Speechmatics, a Cambridge-based startup applying machine learning to automatic speech recognition (ASR), has raised a £6.35 million Series A round, led by AlbionVC with support from IQ Capital and several angel investors.
Awarded a Queen’s Award for Enterprise in ‘Innovation’ earlier this year, the Speechmatics technology stands out for its accuracy, wide variety of languages, and flexible application. The ASR engine is currently available in 29 languages, either in the cloud or on-premises — a critical feature for businesses who do not wish or are unable to share data in the cloud. Applications include nearly instant transcription of audio files, live subtitling in broadcast, and the conversion of call centre recordings into text.
The new funding will enable the company to expand and increase their footprint in the rapidly-growing ASR market, currently worth $7.5 billion and projected to be $21.5 billion by 2024.
Specifically, the company will open new offices in Brno, Czech Republic; Chennai, India; and Denver, USA. The team is expected to double from 50 to 100 people by the end of 2019.
John Milliken, who was appointed as Speechmatics CEO in January to lead such global expansion, says: “We’ve invested heavily into our product and machine learning capabilities to provide our customers with what we believe is the best speech recognition technology on the markets. We recognise that businesses are increasingly aware of the importance of unlocking their voice data and utilising it for core business functions such as compliance, analytics, training and improving customer experience. This latest investment opens up not only global expansion but the opportunity for new product development and traction in new markets.”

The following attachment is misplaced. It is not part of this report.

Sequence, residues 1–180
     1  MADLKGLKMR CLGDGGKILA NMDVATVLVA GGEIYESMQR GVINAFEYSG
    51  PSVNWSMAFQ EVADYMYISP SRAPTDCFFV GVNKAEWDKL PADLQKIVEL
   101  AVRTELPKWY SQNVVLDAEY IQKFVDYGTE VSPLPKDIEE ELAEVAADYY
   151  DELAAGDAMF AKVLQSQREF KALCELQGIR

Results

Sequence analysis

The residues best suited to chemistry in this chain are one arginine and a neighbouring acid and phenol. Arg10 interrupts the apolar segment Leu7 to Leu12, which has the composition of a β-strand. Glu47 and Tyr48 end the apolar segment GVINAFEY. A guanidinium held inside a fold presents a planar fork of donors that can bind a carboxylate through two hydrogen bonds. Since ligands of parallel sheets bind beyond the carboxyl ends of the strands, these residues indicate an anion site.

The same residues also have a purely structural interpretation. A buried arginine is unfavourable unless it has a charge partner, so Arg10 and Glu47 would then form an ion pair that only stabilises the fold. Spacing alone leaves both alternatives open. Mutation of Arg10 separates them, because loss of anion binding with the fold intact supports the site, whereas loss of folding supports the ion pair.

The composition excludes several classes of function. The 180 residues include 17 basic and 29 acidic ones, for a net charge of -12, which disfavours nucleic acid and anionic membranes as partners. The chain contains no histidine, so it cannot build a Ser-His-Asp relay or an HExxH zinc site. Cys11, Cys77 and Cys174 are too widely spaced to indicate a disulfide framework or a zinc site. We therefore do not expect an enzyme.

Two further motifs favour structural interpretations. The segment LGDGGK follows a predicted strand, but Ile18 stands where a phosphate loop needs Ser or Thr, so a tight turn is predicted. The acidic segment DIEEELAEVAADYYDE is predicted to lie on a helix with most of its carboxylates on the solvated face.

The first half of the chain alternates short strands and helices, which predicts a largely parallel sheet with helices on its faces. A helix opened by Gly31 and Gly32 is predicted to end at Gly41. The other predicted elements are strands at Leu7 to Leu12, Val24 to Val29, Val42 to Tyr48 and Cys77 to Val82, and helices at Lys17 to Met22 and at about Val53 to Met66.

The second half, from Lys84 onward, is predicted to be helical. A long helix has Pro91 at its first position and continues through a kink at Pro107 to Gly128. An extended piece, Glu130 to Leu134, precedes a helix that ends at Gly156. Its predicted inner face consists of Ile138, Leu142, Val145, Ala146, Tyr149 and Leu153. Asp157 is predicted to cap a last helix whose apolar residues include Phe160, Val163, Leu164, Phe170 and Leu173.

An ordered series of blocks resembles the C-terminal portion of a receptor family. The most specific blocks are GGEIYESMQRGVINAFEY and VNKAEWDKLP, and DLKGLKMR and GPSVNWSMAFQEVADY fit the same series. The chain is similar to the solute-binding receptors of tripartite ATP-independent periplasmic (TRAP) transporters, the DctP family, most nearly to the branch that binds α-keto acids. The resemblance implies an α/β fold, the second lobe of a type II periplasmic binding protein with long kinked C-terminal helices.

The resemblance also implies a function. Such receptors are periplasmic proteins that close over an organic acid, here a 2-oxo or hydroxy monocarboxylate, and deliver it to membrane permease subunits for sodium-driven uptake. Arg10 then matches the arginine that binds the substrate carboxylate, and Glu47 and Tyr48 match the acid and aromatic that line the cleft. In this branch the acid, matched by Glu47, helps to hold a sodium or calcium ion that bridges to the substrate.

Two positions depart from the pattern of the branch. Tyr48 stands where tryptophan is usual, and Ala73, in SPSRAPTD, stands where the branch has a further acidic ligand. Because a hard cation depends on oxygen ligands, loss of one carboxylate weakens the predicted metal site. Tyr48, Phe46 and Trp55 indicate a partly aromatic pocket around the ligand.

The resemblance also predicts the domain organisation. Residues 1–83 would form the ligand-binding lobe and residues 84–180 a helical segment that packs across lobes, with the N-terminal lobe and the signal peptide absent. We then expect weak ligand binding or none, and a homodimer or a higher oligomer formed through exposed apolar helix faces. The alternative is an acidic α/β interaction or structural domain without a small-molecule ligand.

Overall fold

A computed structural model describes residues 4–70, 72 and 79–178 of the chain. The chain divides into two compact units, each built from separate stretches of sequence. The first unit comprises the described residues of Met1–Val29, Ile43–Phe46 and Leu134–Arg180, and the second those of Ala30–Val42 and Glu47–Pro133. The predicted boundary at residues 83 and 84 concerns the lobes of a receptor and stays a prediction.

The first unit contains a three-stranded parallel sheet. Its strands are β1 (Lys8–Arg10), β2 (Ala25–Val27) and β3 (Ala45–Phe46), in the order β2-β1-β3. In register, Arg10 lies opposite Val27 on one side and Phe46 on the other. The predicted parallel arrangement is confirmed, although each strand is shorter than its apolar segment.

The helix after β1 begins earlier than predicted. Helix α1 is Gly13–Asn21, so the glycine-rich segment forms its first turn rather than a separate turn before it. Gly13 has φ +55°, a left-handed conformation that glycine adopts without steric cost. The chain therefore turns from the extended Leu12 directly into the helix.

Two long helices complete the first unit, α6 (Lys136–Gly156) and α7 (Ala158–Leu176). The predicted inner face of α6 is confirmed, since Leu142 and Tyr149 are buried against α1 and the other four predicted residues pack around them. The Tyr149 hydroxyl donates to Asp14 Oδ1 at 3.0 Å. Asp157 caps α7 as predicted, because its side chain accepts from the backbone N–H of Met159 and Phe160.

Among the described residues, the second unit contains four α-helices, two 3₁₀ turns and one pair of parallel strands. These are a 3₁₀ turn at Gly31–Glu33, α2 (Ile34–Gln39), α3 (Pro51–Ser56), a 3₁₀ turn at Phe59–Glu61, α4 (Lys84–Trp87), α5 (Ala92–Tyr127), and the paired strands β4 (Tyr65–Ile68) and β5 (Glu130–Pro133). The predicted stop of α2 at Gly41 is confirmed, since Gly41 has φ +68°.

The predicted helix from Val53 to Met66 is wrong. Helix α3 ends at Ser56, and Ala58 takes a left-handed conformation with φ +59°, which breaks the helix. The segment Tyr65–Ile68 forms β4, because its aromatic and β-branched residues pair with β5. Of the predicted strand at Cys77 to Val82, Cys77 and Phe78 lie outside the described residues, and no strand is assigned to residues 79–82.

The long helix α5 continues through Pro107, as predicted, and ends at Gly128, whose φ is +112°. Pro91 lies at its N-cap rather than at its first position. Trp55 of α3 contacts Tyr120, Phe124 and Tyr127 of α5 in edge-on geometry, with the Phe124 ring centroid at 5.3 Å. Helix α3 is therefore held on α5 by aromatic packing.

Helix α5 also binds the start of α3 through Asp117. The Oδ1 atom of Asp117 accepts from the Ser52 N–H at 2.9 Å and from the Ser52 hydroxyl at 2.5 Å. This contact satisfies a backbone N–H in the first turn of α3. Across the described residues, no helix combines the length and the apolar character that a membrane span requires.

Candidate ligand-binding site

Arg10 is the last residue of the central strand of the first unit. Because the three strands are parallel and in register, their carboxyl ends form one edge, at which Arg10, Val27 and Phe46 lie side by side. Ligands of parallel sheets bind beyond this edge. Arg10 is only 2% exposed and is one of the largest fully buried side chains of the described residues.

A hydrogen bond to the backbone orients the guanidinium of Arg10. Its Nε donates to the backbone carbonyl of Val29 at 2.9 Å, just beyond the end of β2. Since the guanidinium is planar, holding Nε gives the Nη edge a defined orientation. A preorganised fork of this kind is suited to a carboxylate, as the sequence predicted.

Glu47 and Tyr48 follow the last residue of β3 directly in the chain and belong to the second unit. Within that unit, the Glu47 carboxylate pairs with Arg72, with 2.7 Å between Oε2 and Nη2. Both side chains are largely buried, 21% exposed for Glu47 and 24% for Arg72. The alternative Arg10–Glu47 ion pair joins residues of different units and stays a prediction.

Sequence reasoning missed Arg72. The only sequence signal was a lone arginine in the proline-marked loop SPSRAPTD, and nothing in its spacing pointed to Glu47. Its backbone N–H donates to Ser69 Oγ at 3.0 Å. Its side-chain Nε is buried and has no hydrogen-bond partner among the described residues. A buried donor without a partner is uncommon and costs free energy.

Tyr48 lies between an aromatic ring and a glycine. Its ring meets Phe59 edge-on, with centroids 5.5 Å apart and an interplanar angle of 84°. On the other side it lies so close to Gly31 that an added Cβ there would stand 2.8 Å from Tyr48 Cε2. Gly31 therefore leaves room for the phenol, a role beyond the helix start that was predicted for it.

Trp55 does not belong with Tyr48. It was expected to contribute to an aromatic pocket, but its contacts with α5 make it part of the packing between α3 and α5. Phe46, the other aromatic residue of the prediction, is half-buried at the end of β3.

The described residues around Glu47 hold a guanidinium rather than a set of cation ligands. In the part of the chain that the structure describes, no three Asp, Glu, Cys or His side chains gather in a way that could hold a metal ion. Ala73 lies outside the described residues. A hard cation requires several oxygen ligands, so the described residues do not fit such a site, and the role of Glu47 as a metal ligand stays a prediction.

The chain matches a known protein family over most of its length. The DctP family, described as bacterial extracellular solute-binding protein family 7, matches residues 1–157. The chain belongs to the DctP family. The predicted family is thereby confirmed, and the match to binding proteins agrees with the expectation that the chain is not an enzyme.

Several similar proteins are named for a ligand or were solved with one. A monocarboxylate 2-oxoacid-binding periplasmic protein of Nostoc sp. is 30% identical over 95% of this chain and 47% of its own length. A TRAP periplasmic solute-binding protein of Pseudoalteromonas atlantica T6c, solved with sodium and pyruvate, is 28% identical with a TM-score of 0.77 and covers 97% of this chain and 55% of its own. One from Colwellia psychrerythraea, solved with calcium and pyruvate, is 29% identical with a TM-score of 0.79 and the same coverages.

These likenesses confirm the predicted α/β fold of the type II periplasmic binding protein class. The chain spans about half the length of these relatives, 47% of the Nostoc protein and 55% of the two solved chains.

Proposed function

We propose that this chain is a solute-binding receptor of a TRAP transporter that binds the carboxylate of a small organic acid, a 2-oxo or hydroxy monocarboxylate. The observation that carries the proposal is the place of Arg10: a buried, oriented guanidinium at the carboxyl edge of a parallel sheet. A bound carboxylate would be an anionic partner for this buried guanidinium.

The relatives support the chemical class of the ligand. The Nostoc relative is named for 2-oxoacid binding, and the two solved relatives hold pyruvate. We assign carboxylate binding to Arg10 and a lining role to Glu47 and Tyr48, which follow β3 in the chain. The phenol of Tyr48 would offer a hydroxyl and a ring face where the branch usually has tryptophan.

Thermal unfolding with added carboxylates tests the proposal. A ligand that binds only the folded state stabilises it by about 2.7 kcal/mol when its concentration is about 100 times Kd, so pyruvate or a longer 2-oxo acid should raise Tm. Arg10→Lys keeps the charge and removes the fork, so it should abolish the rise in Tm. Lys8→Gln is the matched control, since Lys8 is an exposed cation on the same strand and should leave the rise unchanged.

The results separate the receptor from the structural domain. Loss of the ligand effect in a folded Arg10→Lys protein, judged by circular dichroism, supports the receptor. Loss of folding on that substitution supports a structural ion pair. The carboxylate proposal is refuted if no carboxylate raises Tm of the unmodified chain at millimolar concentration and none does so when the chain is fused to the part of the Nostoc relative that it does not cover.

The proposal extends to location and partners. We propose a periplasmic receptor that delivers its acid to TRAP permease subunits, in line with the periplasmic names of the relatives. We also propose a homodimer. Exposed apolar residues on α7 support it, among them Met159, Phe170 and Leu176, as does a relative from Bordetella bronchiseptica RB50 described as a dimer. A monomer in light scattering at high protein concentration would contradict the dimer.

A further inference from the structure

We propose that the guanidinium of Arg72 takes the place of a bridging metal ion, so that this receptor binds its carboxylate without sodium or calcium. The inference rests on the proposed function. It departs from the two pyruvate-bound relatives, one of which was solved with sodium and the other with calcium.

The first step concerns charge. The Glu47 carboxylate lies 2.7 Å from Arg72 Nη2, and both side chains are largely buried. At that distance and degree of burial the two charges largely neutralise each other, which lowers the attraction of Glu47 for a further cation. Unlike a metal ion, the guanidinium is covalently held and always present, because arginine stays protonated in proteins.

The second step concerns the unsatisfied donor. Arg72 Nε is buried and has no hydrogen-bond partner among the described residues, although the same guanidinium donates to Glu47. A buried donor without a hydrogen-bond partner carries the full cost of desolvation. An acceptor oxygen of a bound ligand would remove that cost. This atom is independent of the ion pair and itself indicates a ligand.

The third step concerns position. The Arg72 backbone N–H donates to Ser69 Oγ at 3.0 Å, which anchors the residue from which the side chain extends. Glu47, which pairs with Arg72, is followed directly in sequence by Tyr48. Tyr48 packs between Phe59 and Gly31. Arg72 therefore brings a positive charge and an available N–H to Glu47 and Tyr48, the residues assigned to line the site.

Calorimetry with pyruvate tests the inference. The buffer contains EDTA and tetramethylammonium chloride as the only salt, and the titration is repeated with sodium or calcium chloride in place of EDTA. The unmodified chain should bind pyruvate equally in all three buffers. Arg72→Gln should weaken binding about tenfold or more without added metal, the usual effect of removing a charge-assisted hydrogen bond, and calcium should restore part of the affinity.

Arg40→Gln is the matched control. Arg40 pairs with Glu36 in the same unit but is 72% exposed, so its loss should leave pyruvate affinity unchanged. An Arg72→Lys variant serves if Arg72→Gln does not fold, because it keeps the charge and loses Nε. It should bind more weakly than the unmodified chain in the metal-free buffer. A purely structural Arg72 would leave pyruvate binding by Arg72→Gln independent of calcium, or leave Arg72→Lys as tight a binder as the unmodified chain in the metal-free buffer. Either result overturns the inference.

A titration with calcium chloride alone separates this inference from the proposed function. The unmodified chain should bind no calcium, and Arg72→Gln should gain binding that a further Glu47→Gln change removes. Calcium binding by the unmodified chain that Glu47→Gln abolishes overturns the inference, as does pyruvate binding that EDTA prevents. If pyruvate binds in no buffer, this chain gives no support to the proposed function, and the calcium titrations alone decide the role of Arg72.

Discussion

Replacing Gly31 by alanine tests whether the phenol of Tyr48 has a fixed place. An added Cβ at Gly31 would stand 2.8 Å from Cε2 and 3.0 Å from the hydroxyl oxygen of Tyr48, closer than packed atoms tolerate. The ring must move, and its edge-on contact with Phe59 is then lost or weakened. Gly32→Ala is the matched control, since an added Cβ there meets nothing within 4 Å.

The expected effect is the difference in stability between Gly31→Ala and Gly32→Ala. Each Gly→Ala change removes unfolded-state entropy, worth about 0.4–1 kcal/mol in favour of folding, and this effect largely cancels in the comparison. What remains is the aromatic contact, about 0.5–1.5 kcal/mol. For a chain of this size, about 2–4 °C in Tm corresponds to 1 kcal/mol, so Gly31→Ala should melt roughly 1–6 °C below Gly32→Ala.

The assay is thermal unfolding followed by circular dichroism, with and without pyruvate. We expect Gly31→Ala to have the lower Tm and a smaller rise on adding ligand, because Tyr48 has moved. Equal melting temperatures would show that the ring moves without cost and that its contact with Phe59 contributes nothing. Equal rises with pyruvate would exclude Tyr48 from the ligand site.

Ed Stacey, Managing Partner at IQ Capital, says: "We have supported Speechmatics since IQ Capital first invested in 2016. All companies in our portfolio have the potential for global scale, and we believe Speechmatics, with over 75 languages in development, is set to become a global market leader in speech recognition and in allowing machines to understand natural languages.”